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Like most NFL teams, the Miami Dolphins spent between $2-3 million to scout and evaluate draft prospects.

The team's personnel department investigates the medical history and background of 500-plus draft prospects for the eight selections they discussed for four months before making this weekend's picks.

So its not debatable that new GM Dennis Hickey, coach Joe Philbin and their staff are far more educated about college talent than the average Joe watching a highlight tape on Youtube, or DraftBreakdown.com.

But let us not pretend this Dolphins draft wasn't perceived to be watered down by all the small school talents Hickey added in his first draft at the helm.

"They reached on every player but Jarvis Landry, probably taking them a round higher than we had them," an NFC Executive said when asked for his thoughts on the Dolphins' draft.

"Talented guys, but a lot of small school guys," another scout said. "That's risky."

The NFL draft is already the biggest crapshoot in all of professional sports. Fifty percent of your draft class will be a bust. The other 50 percent will struggle to make it to three and a half years in the league, which is the average NFL career.

Putting the transition small school players have to make — adjusting to the level of competition — on top of that makes Billy Turner, Walt Aikens, Jordan Tripp, Matt Hazel and Terrence Fede's journey even more arduous.

However, you can add up all the All-Americans, All-Conference players, team captains, and combine invitees you want. Add up whatever you'd like, but the only thing that matters is how many draftees in the 50 percent become difference makers.

The two biggest difference makers the Dolphins had last season were Cameron Wake and Brent Grimes. Keep in mind neither of them were drafted. They clawed and scratched their way into the NFL, then to their Pro Bowl status.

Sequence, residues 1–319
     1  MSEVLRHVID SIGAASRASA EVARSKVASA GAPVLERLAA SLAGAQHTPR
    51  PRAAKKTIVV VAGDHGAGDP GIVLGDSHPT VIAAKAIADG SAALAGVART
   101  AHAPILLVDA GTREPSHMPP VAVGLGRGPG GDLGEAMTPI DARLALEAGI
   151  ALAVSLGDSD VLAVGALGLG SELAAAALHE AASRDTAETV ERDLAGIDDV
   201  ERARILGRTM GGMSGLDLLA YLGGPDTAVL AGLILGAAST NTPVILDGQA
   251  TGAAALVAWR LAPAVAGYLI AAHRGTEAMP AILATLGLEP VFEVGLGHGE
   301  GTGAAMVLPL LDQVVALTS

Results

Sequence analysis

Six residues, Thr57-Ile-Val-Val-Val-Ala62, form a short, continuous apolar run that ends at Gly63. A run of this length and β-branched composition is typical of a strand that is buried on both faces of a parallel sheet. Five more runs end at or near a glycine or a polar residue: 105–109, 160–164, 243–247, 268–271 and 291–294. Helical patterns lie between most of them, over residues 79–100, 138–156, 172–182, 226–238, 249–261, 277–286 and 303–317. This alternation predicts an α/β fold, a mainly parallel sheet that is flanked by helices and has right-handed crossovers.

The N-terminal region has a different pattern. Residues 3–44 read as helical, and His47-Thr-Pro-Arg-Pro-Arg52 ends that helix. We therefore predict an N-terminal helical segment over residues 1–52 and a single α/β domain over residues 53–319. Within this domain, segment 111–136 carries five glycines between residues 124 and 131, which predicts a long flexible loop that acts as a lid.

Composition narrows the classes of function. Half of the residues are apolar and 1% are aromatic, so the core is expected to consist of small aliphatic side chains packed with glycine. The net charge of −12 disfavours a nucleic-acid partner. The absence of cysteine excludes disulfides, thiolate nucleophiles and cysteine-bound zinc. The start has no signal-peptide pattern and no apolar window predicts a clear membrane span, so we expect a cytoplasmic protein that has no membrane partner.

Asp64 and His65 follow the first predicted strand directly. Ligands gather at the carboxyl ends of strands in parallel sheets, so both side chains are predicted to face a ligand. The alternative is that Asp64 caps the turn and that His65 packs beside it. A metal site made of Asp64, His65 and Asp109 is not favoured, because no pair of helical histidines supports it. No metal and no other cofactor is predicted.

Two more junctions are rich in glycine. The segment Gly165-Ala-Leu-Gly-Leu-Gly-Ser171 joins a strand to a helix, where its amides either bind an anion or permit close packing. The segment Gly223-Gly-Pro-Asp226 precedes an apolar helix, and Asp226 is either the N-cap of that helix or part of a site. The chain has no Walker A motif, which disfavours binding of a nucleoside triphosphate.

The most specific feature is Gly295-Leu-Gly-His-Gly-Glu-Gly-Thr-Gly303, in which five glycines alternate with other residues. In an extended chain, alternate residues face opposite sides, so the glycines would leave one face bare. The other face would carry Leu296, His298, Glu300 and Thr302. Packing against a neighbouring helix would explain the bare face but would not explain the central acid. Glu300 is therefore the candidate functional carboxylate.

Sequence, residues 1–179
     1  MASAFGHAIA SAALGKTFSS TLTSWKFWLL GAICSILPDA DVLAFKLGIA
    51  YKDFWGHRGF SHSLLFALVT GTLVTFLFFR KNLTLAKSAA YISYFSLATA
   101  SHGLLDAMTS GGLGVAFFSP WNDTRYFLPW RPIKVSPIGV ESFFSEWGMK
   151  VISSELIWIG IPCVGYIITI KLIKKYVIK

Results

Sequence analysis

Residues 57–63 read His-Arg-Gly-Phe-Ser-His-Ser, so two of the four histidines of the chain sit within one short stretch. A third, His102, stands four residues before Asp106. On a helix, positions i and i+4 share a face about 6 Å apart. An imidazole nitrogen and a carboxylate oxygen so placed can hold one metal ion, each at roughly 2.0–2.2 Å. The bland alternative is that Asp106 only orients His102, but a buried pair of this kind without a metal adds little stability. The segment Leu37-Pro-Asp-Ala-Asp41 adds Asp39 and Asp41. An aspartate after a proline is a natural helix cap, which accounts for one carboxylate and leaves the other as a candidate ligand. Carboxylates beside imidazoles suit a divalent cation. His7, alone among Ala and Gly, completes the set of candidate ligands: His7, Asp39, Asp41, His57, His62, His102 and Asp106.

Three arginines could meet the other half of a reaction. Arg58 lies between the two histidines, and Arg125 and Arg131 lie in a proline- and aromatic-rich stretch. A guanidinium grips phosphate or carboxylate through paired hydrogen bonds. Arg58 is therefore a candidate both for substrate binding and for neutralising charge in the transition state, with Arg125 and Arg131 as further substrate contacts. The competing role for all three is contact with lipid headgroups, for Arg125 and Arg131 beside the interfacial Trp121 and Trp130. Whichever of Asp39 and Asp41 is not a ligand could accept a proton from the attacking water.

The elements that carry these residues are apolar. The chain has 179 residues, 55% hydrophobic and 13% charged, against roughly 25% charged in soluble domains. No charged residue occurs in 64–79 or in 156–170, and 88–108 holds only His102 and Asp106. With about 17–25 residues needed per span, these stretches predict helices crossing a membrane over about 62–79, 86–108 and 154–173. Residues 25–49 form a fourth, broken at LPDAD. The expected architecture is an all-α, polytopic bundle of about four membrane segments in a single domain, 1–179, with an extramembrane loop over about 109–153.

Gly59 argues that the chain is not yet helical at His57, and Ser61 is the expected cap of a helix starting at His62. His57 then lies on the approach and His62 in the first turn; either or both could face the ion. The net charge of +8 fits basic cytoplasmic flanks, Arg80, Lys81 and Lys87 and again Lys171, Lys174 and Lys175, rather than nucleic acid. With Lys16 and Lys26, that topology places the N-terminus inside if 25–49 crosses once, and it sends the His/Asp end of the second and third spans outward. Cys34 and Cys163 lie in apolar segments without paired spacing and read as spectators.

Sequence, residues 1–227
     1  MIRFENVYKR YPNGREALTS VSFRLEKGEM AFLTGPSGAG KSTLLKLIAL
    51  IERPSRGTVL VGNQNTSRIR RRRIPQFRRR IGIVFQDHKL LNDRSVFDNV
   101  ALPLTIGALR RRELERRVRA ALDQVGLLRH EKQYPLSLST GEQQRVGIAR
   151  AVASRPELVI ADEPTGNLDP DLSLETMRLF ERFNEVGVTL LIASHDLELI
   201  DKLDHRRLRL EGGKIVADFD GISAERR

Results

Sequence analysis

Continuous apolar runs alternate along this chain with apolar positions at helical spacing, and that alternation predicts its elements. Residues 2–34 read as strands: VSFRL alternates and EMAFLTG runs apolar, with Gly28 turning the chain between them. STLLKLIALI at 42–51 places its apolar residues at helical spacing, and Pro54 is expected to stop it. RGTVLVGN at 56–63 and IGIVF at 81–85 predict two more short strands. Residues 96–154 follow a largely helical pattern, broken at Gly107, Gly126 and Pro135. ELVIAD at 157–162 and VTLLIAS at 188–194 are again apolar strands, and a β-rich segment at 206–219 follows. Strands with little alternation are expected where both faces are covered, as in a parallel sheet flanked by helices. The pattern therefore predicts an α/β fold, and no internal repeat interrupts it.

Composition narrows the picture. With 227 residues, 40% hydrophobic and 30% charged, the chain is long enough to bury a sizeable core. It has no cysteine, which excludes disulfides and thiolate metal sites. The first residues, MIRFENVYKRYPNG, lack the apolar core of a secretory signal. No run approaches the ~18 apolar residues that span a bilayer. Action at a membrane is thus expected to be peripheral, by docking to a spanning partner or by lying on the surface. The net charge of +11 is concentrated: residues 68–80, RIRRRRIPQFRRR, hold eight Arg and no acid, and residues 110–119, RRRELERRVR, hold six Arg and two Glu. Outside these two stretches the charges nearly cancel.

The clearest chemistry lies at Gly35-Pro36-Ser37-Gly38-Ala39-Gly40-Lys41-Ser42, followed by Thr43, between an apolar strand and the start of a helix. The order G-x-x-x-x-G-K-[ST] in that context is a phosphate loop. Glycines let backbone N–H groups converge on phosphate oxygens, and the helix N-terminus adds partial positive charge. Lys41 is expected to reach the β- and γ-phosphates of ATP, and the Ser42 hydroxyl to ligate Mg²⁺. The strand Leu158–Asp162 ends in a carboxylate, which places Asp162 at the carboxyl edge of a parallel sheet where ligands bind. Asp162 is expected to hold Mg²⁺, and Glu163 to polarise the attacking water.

Charles Clay, a 2011 sixth-round pick from Tulsa, led the Dolphins in touchdowns last season.

Zach Thomas was found in the fifth round, and Jason Taylor was drafted in the third, so anyone who says these five unheralded players the Dolphins drafted on Saturday, or any of the eight players taken this weekend can't be a difference maker for this franchise is mistaken.

The odds aren't in their favor, but you can never underestimate the heart of a competitor, and a player's desire to succeed. For a small school player to get to the NFL is a major accomplishment in itself.

Both Aikens and Fede fought their way back from season long suspensions to get back on the NFL radar. That takes resilience. Just ask Jimmy Wilson, who spent two years in a jail cell before resuming his college career at Montana, then carving out a respectable career as the Dolphins starting nickel cornerback.

Last year's rookie class, which featured nine players from major conferences — many of whom possessed impeccable credentials — barely contributed. All but four of them — Dion Jordan, Caleb Sturgis, Jelani Jenkins and Dion Sims — had a redshirt season.

Dolphins fans need to hope last year's draft class finally makes an impact, and that this year's class has a few contributors. Especially on the offensive line, where Ja'Wuan James, the first-round pick, is expected to be the starting right tackle, and Turner, the third-round selection, is expected to contend for one of the vacant offensive guard spots.

"It really boils down to the players," Hickey said when talking about his apparent small school player infatuation. "The really good players are successful. We don't evaluate the school. We evaluate the player."

Hickey admitted evaluating small school players is more of a challenge because of the inferior level of competition they face, but he points out that Turner, Tripp played well at the Senior Bowl, the biggest showcase game for draft talent, and Hazel caught his eye at the East-West Shrine game.

"We were judging the individual players," Hickey said. "It just so happened to happen that way."

Nobody is saying these five players won't become solid NFL contributors, or the next Wake, Grimes or Wilson. But Hickey certainly didn't help his cause, or make the team's journey any easier by reaching on a pile of players major college programs passed on.

Copyright © 2014, The Baltimore Sun
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